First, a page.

Vermont boasts first sustainability-themed elementary magnet school

Article published Jan 3, 2010
Vt. boasts first sustainability-themed elementary magnet school
By JENNIFER CIRILLO Herald Correspondent
Last September Vermont's first magnet schools opened in Burlington. The Sustainability Academy at Lawrence Barnes and the Integrated Arts Academy at H.O Wheeler, both elementary magnets in Burlington's Old North End neighborhood, are intended to attract families from diverse socioeconomic backgrounds.

Magnet schools are public schools with specialized themes that draw students from across the normal boundaries defined by established school districts. They first appeared in this country during the 1960s as a way to eliminate racial segregation in schools.

After a recent community-wide debate in Burlington about having two (out of six) high-poverty elementary schools in the district, the residents opted to pursue the magnet school option. In August 2008 the school board decided to support the development of two magnet schools (formerly Lawrence Barnes and H.O. Wheeler, which had both historically served high-poverty populations).

During the 2008-2009 school year the staff, families, and community partners at both schools worked on developing curriculum based on two themes — sustainability and arts. Now in their first year of official implementation, the magnet schools are developing new practices which will serve as models for the rest of the district's schools, the state and beyond.

The Sustainability Academy at Lawrence Barnes is unique not only because it is one of Vermont's first magnet schools, also because it is the country's first sustainability-themed elementary magnet school. The school has defined sustainability as "the shared responsibility for improving the quality of life for all — socially, economically, environmentally — now and for future generations."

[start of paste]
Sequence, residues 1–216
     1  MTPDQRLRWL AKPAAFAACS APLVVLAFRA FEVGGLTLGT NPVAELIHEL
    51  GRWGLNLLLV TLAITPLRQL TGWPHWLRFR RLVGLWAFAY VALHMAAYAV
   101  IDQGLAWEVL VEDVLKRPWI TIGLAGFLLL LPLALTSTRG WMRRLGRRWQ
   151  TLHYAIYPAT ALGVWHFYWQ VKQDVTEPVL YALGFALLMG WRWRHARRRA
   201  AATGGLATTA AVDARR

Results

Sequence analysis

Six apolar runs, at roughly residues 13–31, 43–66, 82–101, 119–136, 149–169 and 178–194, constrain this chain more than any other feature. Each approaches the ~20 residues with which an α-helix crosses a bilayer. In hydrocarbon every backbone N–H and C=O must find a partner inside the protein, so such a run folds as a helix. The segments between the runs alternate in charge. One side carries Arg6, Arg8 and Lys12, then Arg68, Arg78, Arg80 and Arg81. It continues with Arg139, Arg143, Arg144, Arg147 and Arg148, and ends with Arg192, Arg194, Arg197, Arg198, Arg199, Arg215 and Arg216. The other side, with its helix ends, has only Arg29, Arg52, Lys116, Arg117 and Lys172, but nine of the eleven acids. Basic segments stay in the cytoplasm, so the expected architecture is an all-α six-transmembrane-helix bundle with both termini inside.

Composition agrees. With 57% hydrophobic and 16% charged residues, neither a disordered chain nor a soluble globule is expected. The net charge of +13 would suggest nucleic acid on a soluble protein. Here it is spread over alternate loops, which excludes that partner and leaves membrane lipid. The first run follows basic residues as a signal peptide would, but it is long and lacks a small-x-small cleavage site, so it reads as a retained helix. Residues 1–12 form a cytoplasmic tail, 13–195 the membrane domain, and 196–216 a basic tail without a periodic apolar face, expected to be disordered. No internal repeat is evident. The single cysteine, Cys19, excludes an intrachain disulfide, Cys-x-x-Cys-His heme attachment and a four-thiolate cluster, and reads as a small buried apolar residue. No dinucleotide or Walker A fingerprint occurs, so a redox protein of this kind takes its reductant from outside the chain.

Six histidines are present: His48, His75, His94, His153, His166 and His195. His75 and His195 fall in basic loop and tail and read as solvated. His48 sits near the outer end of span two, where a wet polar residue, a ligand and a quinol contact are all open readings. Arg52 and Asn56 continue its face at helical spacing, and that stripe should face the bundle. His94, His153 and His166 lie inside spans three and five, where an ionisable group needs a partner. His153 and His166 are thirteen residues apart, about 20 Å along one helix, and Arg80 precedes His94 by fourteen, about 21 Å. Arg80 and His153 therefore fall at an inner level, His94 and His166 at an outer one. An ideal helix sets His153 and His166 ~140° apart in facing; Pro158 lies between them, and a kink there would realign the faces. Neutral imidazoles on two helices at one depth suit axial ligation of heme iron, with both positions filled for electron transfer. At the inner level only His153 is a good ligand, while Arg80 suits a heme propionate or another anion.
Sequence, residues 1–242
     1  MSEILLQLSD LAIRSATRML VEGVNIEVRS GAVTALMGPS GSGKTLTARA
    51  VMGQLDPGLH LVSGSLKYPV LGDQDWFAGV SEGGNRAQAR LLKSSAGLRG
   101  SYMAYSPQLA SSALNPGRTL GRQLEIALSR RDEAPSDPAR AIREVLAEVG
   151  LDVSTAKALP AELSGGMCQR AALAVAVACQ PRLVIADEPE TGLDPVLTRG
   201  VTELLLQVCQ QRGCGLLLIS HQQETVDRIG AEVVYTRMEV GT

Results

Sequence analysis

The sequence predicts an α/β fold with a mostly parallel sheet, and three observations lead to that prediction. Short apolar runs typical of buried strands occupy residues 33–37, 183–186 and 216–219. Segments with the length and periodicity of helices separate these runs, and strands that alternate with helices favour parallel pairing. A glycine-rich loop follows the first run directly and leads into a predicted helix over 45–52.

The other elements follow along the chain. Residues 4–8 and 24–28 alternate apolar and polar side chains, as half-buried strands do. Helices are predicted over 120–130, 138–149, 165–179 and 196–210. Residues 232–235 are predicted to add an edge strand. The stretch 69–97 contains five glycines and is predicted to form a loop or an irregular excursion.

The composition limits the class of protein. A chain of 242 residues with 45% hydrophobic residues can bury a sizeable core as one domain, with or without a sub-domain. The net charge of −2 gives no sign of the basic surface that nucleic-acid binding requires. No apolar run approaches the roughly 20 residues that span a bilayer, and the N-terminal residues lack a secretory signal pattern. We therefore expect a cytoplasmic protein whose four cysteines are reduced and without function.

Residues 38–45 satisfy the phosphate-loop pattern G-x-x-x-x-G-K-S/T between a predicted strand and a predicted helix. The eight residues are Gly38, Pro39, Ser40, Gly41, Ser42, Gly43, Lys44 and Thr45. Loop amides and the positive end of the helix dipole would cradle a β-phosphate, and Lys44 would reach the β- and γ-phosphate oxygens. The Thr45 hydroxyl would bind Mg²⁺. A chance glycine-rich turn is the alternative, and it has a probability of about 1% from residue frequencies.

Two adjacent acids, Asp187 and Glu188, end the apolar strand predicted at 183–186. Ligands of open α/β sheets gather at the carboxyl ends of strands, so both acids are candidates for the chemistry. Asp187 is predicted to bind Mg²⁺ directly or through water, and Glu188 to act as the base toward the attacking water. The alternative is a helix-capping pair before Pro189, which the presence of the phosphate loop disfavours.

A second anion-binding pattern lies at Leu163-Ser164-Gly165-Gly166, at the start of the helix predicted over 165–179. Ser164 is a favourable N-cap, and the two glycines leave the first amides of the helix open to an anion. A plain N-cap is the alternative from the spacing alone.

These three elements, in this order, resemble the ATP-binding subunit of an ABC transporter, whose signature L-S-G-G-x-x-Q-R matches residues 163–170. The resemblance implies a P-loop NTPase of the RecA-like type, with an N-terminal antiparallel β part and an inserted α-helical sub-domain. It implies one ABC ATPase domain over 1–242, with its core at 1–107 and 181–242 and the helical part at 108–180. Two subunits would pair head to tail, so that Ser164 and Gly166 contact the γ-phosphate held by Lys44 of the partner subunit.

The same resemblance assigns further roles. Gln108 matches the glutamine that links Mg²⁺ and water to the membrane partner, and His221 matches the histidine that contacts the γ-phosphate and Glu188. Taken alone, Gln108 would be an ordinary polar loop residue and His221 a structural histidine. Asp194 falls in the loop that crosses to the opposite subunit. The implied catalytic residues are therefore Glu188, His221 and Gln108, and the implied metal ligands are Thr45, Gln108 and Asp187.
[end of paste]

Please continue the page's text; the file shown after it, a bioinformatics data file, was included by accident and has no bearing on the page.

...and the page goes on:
The term sustainability is not new. It has been defined by many different groups and is perhaps best described by the Brundtland Commission's 1987 report "Our Common Future" as "... development that meets the needs of the present without compromising the ability of future generations to meet their own needs." The United Nations declared 2005-2014 to be the "decade for education for sustainable development."

The Sustainability Academy community has identified several key concepts that shape the curriculum, including community, cycles, systems and diversity. But the curriculum is not the only unique feature of the Kindergarten-5th grade school — the pedagogy (teaching practice) is also different. Teachers, staff and families at the academy have been working with their community partner Shelburne Farms for over five years as part of a Shelburne Farms program to encourage sustainability in schools. With the official recognition of the school as a magnet, certain aspects have received special attention: teacher and staff professional development, whole school visioning, parent engagement, and opportunities for student civic involvement.

A visitor to the school located on North Street might first notice the peace garden and several other small plots tended by students and families. The lobby is decorated with murals illustrating the school's theme, and a seating area features information about the curriculum and projects. Anne Tewksbury-Frye, the sustainability coach at the academy, greets visitors with a group of enthusiastic students who offer school tours. (The students have talked with just about everyone who has visited the school recently, including U.S. Secretary of Education Arne Duncan, Senator Patrick Leahy, and Vermont Commissioner of Education Armando Vilaseca.)